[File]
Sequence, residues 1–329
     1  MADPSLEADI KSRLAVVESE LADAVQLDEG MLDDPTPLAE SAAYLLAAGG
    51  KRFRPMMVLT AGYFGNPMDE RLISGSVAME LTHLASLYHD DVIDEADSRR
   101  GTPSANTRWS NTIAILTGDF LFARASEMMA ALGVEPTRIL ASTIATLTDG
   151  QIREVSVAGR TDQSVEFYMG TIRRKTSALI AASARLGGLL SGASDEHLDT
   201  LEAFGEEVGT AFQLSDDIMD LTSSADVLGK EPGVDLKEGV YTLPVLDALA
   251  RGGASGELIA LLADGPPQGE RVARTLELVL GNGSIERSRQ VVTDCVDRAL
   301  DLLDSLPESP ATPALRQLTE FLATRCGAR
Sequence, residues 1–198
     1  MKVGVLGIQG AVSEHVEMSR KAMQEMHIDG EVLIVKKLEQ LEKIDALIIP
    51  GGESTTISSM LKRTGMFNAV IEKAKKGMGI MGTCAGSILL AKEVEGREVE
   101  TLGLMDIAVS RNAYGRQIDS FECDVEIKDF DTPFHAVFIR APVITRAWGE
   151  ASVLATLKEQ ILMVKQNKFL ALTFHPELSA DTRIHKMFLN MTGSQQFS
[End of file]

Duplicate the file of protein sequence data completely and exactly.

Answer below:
Sequence, residues 1–329
     1  MADPSLEADI KSRLAVVESE LADAVQLDEG MLDDPTPLAE SAAYLLAAGG
    51  KRFRPMMVLT AGYFGNPMDE RLISGSVAME LTHLASLYHD DVIDEADSRR
   101  GTPSANTRWS NTIAILTGDF LFARASEMMA ALGVEPTRIL ASTIATLTDG
   151  QIREVSVAGR TDQSVEFYMG TIRRKTSALI AASARLGGLL SGASDEHLDT
   201  LEAFGEEVGT AFQLSDDIMD LTSSADVLGK EPGVDLKEGV YTLPVLDALA
   251  RGGASGELIA LLADGPPQGE RVARTLELVL GNGSIERSRQ VVTDCVDRAL
   301  DLLDSLPESP ATPALRQLTE FLATRCGAR
Sequence, residues 1–198
     1  MKVGVLGIQG AVSEHVEMSR KAMQEMHIDG EVLIVKKLEQ LEKIDALIIP
    51  GGESTTISSM LKRTGMFNAV IEKAKKGMGI MGTCAGSILL AKEVEGREVE
   101  TLGLMDIAVS RNAYGRQIDS FECDVEIKDF DTPFHAVFIR APVITRAWGE
   151  ASVLATLKEQ ILMVKQNKFL ALTFHPELSA DTRIHKMFLN MTGSQQFS